POPE’S VISIT TO GEORGIA AND ECUMENISM
Commentary No : 2016 / 45
02.09.2016
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It has been announced that Pope Francis, the spiritual leader of Roman Catholic Church and head of state of Vatican City, will visit Georgia and Azerbaijan respectively between September 30 and October 2. According to announcement from the Vatican, the Pope will visit Georgia at the invitation of Ilia II (Patriarch of the Georgian Orthodox Church) and also civil and religious authorities.[1] This will be the second visit of a pope to Georgia after the visit of Pope John Paul II in 1999. As such, this visit will be a significant meeting for the Georgian state and the Georgian Orthodox Church as well as for the Pope. The Georgian state expressed the importance of this development as follows:

The Vatican plays an important role in international relations and this is state relations with which is particularly important for us regarding promoting Georgia in the Catholic world and supporting the non-recognition policy of the occupied regions.[2]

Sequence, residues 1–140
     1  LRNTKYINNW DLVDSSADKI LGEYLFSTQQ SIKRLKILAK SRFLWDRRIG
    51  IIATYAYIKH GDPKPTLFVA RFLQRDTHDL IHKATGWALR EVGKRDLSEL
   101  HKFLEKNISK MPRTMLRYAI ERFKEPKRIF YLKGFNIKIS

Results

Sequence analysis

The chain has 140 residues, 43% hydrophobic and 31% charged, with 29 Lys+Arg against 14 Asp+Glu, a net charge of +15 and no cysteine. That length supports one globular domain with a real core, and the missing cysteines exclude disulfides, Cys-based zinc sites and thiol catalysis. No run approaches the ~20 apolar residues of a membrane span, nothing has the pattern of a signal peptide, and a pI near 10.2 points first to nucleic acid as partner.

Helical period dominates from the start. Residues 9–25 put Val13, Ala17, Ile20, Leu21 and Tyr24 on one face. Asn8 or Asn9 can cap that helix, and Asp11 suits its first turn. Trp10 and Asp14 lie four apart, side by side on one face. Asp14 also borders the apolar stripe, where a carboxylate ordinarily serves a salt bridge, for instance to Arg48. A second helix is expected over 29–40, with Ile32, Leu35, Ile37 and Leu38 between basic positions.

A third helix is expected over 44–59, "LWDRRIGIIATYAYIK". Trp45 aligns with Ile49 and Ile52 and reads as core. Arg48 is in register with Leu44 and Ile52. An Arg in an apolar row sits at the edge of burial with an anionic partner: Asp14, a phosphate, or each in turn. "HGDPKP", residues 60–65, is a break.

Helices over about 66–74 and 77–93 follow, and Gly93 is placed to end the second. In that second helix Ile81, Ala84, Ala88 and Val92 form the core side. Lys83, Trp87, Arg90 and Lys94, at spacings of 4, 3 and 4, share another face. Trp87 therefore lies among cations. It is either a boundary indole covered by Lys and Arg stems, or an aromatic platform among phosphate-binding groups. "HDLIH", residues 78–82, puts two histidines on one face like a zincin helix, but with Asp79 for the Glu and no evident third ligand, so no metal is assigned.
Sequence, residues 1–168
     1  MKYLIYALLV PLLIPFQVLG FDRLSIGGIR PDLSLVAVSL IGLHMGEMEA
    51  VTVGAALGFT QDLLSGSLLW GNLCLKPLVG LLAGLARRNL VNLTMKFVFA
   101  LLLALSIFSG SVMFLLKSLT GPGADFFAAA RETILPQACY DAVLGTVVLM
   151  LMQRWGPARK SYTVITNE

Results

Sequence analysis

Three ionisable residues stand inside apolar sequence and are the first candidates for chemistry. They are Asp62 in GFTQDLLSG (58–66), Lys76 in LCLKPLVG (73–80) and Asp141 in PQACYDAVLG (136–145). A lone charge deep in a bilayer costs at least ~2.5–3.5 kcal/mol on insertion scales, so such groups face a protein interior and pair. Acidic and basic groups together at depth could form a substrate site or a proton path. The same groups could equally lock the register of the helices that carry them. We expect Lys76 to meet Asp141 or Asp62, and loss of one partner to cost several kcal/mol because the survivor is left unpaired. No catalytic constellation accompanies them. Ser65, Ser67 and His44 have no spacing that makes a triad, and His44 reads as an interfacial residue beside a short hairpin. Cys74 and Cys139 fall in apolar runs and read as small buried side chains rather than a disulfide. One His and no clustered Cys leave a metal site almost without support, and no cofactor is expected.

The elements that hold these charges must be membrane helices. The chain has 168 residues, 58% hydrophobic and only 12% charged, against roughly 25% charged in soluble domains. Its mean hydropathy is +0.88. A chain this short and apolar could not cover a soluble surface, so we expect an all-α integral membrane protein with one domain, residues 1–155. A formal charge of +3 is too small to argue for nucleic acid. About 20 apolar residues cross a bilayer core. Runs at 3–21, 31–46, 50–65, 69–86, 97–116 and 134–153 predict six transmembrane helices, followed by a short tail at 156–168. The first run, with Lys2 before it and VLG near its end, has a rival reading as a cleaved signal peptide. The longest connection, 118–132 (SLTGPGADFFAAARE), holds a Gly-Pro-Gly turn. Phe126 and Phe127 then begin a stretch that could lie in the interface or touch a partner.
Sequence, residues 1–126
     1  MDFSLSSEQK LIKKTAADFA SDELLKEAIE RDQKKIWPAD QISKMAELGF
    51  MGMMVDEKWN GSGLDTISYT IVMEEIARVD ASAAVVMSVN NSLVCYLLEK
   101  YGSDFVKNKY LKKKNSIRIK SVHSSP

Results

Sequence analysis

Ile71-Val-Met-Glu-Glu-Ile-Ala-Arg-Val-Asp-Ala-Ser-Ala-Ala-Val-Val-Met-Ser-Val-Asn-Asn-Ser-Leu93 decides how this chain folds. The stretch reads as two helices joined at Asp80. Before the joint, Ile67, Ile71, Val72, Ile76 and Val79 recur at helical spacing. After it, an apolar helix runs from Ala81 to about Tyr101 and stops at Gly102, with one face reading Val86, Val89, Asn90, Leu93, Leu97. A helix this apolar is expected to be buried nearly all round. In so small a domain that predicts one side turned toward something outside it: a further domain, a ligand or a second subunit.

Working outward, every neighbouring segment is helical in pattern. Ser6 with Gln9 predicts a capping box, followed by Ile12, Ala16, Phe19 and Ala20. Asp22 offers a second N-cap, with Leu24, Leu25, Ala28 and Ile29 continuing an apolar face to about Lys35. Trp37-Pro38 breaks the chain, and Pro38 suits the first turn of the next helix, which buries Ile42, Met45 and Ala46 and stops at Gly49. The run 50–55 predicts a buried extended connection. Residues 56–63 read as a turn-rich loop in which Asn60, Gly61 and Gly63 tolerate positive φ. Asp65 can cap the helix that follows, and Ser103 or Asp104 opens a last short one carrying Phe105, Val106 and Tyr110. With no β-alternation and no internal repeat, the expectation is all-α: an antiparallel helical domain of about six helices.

Before this announcement, the President of Georgia Giorgi Margvelashvili and Pope Francis held a meeting at the Vatican in April 2015 and evaluated the current situation of Georgia and the general outlook of the region.  As was mentioned by the Georgian state, the Vatican plays a significant role in terms of international relations thanks to its sphere of influence created through religious ties. Georgia expects that good relations with the Vatican will contribute to the developing of relations between Georgia and the European Union (EU). According to information from the Commission of the European Union, there is an important commercial treaty that was signed in 2014 between the EU and Georgia and this treaty is addressed to expand the two sides’ market reach and to increase foreign investment in Georgia.[3] As it can be remembered, the Vatican maintains the position that the EU is a community of Christian values, and in this regard, the visit of the Pope to Georgia also carries importance in terms of improving the political and economic relations between Georgia and the EU.